Do everything in love

You know the dilemma.  You’ve written a message or letter to someone, and you’ve had to say some hard things.  Perhaps you even have more to say — but you sense that it might be wiser to wrap up and let what you’ve already written stand.  But this can be the most difficult part of the letter to write.  How do you sign off without sounding wishy-washy, abrupt, or trite?

Paul has tackled many a thorny issue in his letter to the Corinthian church.  On what note should he end?

Just the one you might expect: on a love grounded in grace.

With his news that Apollos will visit in due time, Paul finishes addressing all the concerns the Corinthians raised in their letter to him.  What will be the last exhortation, before he gives his final acknowledgements and greetings?  It’s this: “Stay awake, stand firm in your faith, be brave, be strong.  Everything should be done in love” (1 Cor 16:13-14, CEB).

“Stay awake” or “Watch”: it’s the same command Jesus gave his exhausted disciples in Gethsemane.  Together with the imperatives to steadfastness and courage, the command warns them to hold on to the true gospel in the face of all the social pressures that have been causing problems in the church.  And the practical expression of that faithfulness is that everything should be done in love.

We’re reminded, of course, of the way of love described in chapter 13, the way that is more excellent even than striving after particular spiritual gifts.  Think back on all the issues Paul has addressed in the letter: the divisions over leadership; Christians suing one another; marriages hurt by spiritual beliefs; people stumbling in their faith over the self-serving libertinism of others; the clueless disregard of poorer members of the congregation in their celebration of Lord’s Supper; the confusion sown by  arrogance about spiritual gifts.  Imagine what difference a communal commitment to Christian love could make in all these situations…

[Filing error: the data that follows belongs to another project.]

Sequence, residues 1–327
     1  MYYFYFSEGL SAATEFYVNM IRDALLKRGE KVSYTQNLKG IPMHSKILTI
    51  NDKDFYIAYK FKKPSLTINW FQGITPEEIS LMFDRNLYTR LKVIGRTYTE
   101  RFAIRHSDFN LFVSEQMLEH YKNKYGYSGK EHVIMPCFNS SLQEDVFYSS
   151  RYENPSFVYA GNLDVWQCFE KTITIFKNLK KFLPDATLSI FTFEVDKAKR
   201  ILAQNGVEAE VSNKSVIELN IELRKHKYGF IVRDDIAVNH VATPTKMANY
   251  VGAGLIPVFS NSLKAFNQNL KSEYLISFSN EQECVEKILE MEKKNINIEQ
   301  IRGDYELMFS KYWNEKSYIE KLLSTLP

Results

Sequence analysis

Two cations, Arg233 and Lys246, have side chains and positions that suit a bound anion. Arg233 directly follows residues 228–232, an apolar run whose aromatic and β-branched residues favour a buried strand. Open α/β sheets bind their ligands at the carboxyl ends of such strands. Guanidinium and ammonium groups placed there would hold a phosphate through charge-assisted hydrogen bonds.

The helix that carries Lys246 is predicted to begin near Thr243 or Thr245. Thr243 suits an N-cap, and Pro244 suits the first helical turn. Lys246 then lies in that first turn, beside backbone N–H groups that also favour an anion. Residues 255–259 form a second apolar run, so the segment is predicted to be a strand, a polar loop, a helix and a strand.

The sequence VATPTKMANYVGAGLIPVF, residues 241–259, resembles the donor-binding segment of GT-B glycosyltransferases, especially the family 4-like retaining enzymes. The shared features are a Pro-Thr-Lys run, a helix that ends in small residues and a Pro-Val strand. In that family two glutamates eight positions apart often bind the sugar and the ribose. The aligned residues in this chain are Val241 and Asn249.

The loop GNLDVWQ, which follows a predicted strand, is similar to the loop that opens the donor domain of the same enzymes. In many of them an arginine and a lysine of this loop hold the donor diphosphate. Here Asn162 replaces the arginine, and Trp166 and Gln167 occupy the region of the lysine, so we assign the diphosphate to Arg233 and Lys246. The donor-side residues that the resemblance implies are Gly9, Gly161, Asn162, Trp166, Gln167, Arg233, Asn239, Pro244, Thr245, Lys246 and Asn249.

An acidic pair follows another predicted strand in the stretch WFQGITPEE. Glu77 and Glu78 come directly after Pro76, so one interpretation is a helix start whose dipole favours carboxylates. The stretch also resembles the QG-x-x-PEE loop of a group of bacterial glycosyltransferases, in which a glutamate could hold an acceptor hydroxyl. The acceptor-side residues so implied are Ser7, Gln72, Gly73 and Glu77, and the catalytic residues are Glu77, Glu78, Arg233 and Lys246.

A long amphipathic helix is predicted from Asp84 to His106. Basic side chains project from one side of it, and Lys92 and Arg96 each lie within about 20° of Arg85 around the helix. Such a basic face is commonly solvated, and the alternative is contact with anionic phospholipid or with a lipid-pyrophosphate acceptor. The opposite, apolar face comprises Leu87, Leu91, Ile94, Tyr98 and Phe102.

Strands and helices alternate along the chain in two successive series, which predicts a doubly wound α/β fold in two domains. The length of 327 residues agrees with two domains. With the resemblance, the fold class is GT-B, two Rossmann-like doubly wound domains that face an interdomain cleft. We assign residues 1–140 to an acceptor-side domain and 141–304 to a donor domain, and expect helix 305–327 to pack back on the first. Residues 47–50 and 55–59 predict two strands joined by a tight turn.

Do everything in the kind of love that should mark the church that follows Jesus.  Paul urges them to honor those who diligently serve others (1 Cor 16:15-18), and to greet one another warmly with a holy kiss (vs. 20).  But this isn’t a lesson in the social niceties.  In a final impassioned statement — possibly a last theological dig at his opponents! — Paul exclaims, “A curse on anyone who doesn’t love the Lord.  Come, Lord (in the Greek, marana tha)!” (vs. 22, CEB).

There is both frustration and longing in Paul’s words.  He knows that the lack of love between some of the believers in Corinth is symptomatic of their self-preoccupation and lack of love for Jesus himself.  One imagines how maddening it must be for pastor Paul to have such a passionate love for the Lord himself and yet to have to deal with the pettiness that too often plagues the congregations he mentors.  It’s enough for him to cry out that those who don’t love Jesus should be anathema, calling for Jesus to return ASAP and have done with it.

But in the meantime, he continues to labor.  And for Paul, it is truly a labor of love, even in the midst of frustration.  Having dictated the letter to someone else (possibly Sosthenes, see 1:1), he signs the letter personally and ends on the dual note of grace and love: “The grace of the Lord Jesus be with you.  My love is with all of you in Christ Jesus” (1 Cor 16:23, CEB).

For Paul, all of the gospel is about the grace of God revealed in and through Jesus, and the Christian life is about living out that gospel truth in love.  We can be sure that his love for the Corinthians was genuine, making it possible for them to break his heart.

And as we’ll see in 2 Corinthians, they will do just that.